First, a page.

Elbow Injuries Symptoms & Treatment

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Lateral Epicondylitis

Tennis Elbow

Most often known as Tennis Elbow, Lateral Epicondylitis isn’t limited to tennis players. Many types of muscle overuse can result in the inflammation that causes a pain in the outside portion of the elbow, and many people are surprised at how sensitive the area becomes once injured.

Treated early, Tennis Elbow can be cut short at the inflammatory stage. Left untreated, tendinosis can develop, which leads to a further breakdown of muscle fibres, causing significant delays in healing and potentially resulting in the need for surgery.

Through a series of carefully timed interventions, physiotherapy steers your healing process. Apart from addressing the cause of the pain, a Registered Physiotherapist can teach you adaptive techniques so you can more comfortably perform activities that have become painful. You can also learn the right way to rest your elbow to speed your return to normal movement.

Medial Epicondylitis

Golfer’s Elbow

Common in golfers, but not exclusive to them, Medial Epicondylitis can result from overuse of the elbow, as well as from sudden trauma. Unlike Tennis Elbow, where pain is felt in the outer elbow, Medial Epicondylitis sufferers feel pain in the inner elbow. This discomfort can occur during activity, but can also happen when resting.

Left unchecked, elbow injuries can cause significant pain and disability. Taking a small amount of time for physiotherapy at the onset of your injury will limit your discomfort and shorten your recovery time.

Beware of generic advice and self-diagnosis. Because every case of Epicondylitis is different the recommendations for your treatment must be unique. At Focus Physiotherapy, we know that discovery leads to recovery. Before starting treatment, it is essential to determine the cause of your elbow pain. A thorough examination by a Registered Physiotherapist will help you determine the path to full mobility. Your physiotherapist will find out which lifestyle factors increase the symptoms causing your pain, and help you make the necessary adjustments. And, because it’s impossible to avoid using your elbow during everyday activity, our team can teach you how to do things differently so you’ll cause less irritation and speed up your recovery process.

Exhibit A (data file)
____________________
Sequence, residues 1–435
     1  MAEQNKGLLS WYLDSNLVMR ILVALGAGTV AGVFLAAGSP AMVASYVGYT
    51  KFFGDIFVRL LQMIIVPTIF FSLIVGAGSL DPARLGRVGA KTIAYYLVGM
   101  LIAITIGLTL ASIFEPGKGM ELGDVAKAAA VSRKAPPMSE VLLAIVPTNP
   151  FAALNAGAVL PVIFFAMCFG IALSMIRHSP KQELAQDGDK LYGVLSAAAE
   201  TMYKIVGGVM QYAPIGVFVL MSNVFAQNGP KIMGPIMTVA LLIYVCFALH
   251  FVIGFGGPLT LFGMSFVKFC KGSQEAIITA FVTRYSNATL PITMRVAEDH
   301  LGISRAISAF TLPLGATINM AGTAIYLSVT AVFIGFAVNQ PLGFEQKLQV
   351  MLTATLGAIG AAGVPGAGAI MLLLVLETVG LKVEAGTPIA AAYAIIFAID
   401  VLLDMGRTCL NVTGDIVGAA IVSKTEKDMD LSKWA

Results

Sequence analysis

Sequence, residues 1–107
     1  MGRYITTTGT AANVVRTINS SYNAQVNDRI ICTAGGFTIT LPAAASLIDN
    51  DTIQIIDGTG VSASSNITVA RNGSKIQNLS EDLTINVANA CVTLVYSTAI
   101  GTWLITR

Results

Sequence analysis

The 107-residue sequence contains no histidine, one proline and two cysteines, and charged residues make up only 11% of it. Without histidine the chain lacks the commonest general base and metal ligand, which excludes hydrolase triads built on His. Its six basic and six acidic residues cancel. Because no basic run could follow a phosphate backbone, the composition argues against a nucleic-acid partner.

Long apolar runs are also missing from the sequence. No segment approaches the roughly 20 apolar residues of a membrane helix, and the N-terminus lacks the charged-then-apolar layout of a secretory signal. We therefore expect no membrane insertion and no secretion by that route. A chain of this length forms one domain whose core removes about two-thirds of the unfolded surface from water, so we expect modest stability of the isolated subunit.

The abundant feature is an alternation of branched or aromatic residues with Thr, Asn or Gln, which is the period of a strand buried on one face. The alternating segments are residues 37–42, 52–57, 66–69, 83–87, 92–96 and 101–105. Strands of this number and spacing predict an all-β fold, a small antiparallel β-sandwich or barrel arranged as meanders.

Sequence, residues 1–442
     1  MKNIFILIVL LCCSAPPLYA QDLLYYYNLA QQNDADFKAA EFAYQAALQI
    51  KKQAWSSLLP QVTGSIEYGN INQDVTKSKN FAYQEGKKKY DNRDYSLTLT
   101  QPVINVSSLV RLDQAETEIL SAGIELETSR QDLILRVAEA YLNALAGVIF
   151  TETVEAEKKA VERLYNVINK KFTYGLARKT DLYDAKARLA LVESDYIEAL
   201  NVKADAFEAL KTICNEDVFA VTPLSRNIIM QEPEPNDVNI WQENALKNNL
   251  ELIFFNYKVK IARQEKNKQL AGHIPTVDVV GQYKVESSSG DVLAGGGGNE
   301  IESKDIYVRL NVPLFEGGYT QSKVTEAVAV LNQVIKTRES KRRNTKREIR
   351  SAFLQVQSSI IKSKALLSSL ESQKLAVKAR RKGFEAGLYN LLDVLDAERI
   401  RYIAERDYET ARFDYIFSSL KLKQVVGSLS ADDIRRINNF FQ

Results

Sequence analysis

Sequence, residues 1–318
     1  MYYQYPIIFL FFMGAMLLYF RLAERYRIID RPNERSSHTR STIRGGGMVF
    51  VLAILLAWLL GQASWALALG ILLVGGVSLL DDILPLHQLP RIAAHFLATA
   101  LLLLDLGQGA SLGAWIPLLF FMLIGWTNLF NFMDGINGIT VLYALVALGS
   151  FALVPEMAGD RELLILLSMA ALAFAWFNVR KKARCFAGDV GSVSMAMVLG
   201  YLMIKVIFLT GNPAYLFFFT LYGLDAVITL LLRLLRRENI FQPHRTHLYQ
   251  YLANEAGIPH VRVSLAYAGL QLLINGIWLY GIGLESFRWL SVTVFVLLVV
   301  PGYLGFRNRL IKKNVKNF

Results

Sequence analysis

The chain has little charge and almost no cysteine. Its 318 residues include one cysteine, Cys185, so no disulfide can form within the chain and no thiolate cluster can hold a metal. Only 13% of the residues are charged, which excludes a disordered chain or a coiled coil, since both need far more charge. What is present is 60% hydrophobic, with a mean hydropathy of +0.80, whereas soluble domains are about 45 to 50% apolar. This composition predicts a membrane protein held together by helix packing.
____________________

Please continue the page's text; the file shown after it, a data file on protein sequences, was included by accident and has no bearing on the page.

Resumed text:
Olecranon Bursitis

Elbow Bursitis

Characterized by a swollen, soft protrusion in the elbow region, bursitis of the elbow often causes tenderness, even when resting. Someone suffering from bursitis will also experience pain when the affected area comes into contact with a hard surface. Olecranon Bursitis occurs when the elbow bursa (small sacs of fluid cushioning your elbow joint) swell and become hot—usually as a result of a direct blow—but can also happen because of regular wear and tear, such as repeatedly leaning on your elbows.

If the cause of your Olecranon Bursitis stems from something preventable, a Registered Physiotherapist can teach you how to modify the behaviour that triggers the condition, and prevent a future flare-up. Treatment for Elbow Bursitis generally focuses on reducing swelling, protecting your elbow from damage and improving your overall function.

Elbow Fractures

Restoring Motion, Strength and Sensation

Elbow Fractures are serious injuries that require physiotherapy once the bone is considered stable. There are many types of fractures, and many potential injuries that accompany broken bones. Is it an open or closed fracture? Is the fracture displaced or not? Is there any evidence of a muscle tear? In addition to our face-to-face discovery session—which extends beyond your elbow to the joints above and below—your physical therapist will review any important medical and imaging documents that will inform your treatment and lead to your optimal recovery path.